New York might drag its feet on recognizing the new legal landscape when it comes to Second Amendment rights. Eventually, it will have to abide by the law of the land, which is that the "justifiable need" or "good reason" provisions with regards to concealed carry permits are unconstitutional. We have the right to carry guns outside the home for self-defense. It's a landmark ruling that we have been waiting on for almost a decade. One deep-blue, anti-gun state has decided not to wait. Maryland said it's ending the "good reason" provision in its carry permit process. It will be a similar model as Virginia, which is a shall-issue state. Simply put, if you pass the safety courses and the background check, you'll get your permit. No questions asked. It may take anywhere from 30-45 days, but you'll get it. There will be no arbitrary denials like in times past. Stephen Gutowski of The Reload has more but added that the state of Maryland, which has some 24,000 permit holders, could see that figure balloon up to 500,000 at least:
Estimates put the number of Maryland gun-carry permits at under 24,000. It's now moving to a permitting system similar to Virginia. If it issues permits at the same rate it'll have over 500,000. https://t.co/QzspyeDoKf— Stephen Gutowski (@StephenGutowski) July 5, 2022
More Marylanders will soon be able to legally carry concealed firearms for protection.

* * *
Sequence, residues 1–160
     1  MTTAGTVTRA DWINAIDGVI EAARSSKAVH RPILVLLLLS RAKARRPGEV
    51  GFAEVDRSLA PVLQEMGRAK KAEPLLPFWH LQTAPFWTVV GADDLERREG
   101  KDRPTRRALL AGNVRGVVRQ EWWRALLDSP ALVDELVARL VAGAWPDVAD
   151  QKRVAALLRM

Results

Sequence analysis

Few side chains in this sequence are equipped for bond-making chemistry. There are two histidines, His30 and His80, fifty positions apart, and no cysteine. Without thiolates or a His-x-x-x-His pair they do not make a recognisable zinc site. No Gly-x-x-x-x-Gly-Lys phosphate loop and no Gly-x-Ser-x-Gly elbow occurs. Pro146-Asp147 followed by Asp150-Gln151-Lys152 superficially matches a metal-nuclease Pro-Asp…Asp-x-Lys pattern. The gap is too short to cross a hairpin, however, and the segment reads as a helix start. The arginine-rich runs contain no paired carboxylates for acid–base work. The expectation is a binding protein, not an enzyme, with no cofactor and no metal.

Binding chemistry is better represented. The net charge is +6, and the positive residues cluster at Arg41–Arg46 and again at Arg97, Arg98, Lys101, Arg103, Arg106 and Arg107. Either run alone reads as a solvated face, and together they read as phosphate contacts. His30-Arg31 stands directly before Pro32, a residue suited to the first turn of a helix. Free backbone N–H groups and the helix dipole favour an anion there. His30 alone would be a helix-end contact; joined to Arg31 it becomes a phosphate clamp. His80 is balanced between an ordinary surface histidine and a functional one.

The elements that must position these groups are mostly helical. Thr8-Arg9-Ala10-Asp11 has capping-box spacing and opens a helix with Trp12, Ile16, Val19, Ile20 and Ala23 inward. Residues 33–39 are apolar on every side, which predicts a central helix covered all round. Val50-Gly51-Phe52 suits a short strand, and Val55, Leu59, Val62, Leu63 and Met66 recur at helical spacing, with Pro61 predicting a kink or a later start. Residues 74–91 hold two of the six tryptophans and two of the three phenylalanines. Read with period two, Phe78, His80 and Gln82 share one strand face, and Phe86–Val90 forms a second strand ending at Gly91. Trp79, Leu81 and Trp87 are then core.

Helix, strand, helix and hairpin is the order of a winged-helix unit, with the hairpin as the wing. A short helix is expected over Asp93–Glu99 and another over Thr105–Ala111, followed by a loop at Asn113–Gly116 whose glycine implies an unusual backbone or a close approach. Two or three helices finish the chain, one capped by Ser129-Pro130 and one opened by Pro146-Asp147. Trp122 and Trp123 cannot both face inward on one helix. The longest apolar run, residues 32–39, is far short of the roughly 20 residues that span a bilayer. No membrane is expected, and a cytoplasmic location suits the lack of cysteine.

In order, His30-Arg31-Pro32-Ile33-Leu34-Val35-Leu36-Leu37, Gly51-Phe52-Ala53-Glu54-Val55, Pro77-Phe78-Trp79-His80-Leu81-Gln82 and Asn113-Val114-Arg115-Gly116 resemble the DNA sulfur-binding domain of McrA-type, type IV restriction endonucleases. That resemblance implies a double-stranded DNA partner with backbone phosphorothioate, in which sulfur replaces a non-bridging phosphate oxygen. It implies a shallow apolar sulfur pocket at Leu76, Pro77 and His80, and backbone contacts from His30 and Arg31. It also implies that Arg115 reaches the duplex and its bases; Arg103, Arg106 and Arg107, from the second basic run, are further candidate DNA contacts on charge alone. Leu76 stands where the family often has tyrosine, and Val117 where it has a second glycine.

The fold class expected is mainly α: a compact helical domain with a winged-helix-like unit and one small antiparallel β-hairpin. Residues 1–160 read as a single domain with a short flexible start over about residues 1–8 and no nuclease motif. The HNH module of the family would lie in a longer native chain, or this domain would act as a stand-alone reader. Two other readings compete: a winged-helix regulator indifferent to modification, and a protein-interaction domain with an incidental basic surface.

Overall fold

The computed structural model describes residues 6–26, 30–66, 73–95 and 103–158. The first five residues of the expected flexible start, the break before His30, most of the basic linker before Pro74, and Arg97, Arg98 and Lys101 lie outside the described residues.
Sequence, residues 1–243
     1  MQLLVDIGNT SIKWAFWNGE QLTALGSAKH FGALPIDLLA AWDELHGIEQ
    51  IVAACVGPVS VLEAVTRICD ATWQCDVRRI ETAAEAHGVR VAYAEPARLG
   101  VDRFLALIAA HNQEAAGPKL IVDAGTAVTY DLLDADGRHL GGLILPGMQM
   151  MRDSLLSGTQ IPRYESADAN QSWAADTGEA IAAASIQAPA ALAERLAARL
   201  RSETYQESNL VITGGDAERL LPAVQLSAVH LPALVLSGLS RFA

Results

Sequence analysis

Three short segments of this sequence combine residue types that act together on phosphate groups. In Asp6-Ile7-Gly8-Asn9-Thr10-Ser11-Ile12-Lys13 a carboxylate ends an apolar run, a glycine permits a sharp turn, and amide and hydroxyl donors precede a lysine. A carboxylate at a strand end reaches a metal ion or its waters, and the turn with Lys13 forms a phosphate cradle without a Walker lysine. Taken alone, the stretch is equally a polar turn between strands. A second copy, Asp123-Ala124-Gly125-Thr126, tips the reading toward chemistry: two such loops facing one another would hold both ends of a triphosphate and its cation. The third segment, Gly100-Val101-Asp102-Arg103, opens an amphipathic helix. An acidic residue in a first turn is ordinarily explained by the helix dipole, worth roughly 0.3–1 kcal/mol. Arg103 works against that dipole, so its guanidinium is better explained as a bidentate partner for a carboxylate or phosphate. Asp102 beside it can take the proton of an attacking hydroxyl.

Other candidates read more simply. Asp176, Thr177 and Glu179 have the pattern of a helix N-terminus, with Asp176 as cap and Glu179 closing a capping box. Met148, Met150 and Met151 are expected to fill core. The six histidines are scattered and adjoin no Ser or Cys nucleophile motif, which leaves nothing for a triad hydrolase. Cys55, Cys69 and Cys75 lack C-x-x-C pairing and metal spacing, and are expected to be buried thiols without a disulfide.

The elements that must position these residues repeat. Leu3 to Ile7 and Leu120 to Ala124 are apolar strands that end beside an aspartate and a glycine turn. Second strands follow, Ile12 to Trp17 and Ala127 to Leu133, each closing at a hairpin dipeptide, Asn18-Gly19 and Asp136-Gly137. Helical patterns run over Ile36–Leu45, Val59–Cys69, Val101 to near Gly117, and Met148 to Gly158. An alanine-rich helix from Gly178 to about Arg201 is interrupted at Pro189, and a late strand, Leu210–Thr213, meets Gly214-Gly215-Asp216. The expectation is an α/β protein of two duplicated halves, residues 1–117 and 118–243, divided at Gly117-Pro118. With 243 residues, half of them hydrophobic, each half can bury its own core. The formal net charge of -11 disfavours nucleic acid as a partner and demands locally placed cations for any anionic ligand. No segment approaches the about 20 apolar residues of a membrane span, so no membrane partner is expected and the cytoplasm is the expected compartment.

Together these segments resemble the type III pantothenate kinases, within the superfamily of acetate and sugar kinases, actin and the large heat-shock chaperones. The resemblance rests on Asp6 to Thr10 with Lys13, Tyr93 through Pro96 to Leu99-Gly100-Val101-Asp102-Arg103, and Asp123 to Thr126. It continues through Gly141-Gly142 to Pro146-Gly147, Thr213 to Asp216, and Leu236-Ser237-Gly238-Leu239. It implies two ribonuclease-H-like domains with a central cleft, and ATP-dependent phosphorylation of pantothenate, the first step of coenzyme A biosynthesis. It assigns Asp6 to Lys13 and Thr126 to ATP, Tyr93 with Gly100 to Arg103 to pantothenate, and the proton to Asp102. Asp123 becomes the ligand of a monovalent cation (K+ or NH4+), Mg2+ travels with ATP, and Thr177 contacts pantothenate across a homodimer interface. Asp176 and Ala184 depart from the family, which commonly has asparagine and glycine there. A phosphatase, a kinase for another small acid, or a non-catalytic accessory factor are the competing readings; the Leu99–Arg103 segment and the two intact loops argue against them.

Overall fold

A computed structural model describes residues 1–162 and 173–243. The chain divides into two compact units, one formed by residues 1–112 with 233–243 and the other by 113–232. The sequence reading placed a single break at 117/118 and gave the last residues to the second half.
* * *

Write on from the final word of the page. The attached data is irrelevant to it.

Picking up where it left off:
Maryland Governor Larry Hogan (R.) announced on Tuesday he would abide by a recent Supreme Court ruling and do away with the subjective “good and substantial reason” clause in the state’s gun-carry permitting process. The change will make it easier for qualified applicants to obtain concealed carry permits. It is a direct response to the Court striking down a similar provision in New York’s carry law as unconstitutional.
“Last month, the U.S. Supreme Court struck down a provision in New York law pertaining to handgun permitting that is virtually indistinguishable from Maryland law. In light of the ruling and to ensure compliance with the Constitution, I am directing the Maryland State Police to immediately suspend utilization of the ‘good and substantial reason’ standard when reviewing applications for Wear and Carry Permits,” Hogan said in a press release. “It would be unconstitutional to continue enforcing this provision in state law.”
The decision comes as states grapple with how to respond to the Supreme Court’s decision. Maryland is attempting to avoid likely-fruitless legal fights to keep its current restrictive permitting laws in place, while states like Maryland and California are passing laws trying to sidestep the ruling.
The change to Maryland’s law will result in the state issuing far more permits.
Maryland had fewer than 24,000 active carry permits in 2021, according to a study by the Crime Prevention Research Center. The same study found neighboring Virginia, which uses a permitting system without a “good reason” clause, had over three-quarters of a million active permits. While Maryland has a smaller population than Virginia, if it began issuing permits at the same rate, it would end up with over half a million.
Well, that sounds like an expansion of civil rights. The next question is whether Maryland will enact reciprocity agreements with other shall-issue states, specifically neighboring Virginia. Every state is going to go about this at its own pace, but taking the Maryland route will avoid further legal action. The Court was clear about this—states must abide by the law. Dragging your feet will only lead to anti-gun officials losing in Court and paying legal fees that are wholly avoidable.